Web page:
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Just Serena.

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The woman who came up from the courts on Compton Park, who came back from life-threatening pulmonary embolisms and won 10 slams in her 30s, who won the Australian Open pregnant, and nearly five years ago to the week, almost died during childbirth, then came back again, and went to four more slam finals.

Telling Serena Williams that something is impossible is simply handing her an invitation—and motivation—to prove you wrong.

That sort of confidence and resilience has helped catapult Serena into legend. Not because she makes it look easy—but because you witness the fight. You see when she digs deep. Australia 2007, New York in 2012. Pregnancy. With a target on her back. With full-throated emotion, while her anger—and joy—are policed and scrutinized. She has seemed at once superhuman and immensely human. An imperfect perfectionist.

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How she’s asserted that humanity has been influential beyond all of the extraordinary things she’s done with her body on a tennis court. Through its iterations and changes, she has loved that body. She has loved her body in the spotlight as it’s been scrutinized and degraded. For years, she almost certainly got less in endorsement deals than she might have because she was Black and curvy; for women, muscular and dominating will never be as mass-marketable as white, blonde, and petite. It might be simple for some to dismiss or gloss over this history of such a beloved icon, especially amid the outpouring of adoration she has received this U.S. Open. But for many of us, it’s impossible to forget. She has valued herself when others did not.

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It is precisely her unwavering sense of self that is intoxicating. She will make you believe; she will make you dream. By Friday night against Tomljanovic, when she was up 5–3 in the first set, my group chats had fully begun to feel like the improbable was now possible—was now destined. Somehow, someway, she was going to sustain this level of play, progress in the tournament and capture her 24th grand slam as her final act.

In an age where hope is fleeting, and jaded cynicism is the modus operandi of the day, the sight of Serena Williams, center court, racquet in hand, was enough to make me, for a moment, question the so-called impossible. She had earned that belief earlier in the week, and over all these decades.

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Alas, though Serena is the stuff of legends, this is not a fairy tale.

She fought to the end. When her serve abandoned her, she just kept swinging. Tomljanovic pushed her to the brink multiple times, but for 14 minutes, she refused to relent. In that final game, down 5–1 in the third set, Serena faced five match points, and she beat back them all to force yet another deuce, then another, and another. For 14 minutes, she packed every ounce of fight into her game to stay alive. And then at last, match point number six went her opponent’s way, Serena’s attempt at a down-the-line forehand finding the top of the net. She lost as she won: a tenacious competitor. Point after point she saved, commanded even more awe. She had been defying expectations all week, but those 14 minutes might have been her finest, rawest, and most phenomenal.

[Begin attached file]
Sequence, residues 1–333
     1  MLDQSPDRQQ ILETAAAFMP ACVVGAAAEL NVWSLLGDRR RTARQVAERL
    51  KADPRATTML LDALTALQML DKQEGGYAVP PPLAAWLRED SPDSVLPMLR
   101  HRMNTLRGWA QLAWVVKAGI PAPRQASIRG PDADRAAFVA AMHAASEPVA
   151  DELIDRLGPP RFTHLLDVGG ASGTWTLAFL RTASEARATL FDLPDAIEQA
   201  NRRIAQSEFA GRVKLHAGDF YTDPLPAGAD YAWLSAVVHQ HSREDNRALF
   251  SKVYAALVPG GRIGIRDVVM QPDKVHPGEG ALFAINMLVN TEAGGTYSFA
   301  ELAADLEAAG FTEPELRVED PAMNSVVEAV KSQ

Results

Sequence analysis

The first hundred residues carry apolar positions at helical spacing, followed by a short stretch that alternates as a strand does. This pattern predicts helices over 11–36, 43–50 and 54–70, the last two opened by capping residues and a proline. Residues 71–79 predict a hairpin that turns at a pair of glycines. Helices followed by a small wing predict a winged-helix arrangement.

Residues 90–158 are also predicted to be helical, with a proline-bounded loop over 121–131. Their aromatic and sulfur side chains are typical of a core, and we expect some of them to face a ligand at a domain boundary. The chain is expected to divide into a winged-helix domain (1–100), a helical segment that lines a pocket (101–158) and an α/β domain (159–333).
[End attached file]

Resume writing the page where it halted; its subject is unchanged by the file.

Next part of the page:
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Last week was magical, but Serena is not magic. She is hard work; she is dedication; she is confidence. She is an icon, but she is human.

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We often make our heroes—especially symbolic Black heroes—avatars for our own dreams and triumphs. They symbolically shoulder collective hopes while existing at the nexus of society’s understandings of race, gender, class, and politics. Throughout her career, Serena has carried an outsize share of those politics. In the past 20-plus years, who in sports has meant as much, personally, as Serena has to so many fans and critics?

In many ways, this U.S. Open provided a perfect ending. On her terms, unencumbered by the expectations of others, there just to exist for herself: to play for herself, to define herself. To love herself, and be loved back, without conditions or caveats, in victory or defeat. Just to be.

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I’m sure that she wanted more than anything to keep winning. But I hope that how she went out is liberating for her. I hope it is peaceful. I hope it contains as much joy as she has given us over these years.

There is a clip of Serena, preparing for the launch of her clothing line with her sister Isha. Isha asks how she is doing, and a briefly vulnerable Serena says that it’s a lot to perform at a high level, to manage a budding business, to be a mom and a wife—a symbol. When Isha asks her to look in the mirror and narrates what she sees, Serena quickly says “imperfection.” Isha counters and says: “You are enough.”

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I’ll be cheering on Jabeur and Swiatek as they chase the trophy this weekend. But I also know I’ll still be thinking about Serena. Maybe they will be, too. Last week, in front of buzzing Ashe crowds and record-setting TV audiences, Serena was not always perfect, but she was persistent. She was every bit the fighter that she has always been, beyond the spectacle of grand slams, whether rocking beads in her hair or diamonds. As in every chapter of her career, now, as she prepares to “explore a new version of Serena,” she is still so much more than enough.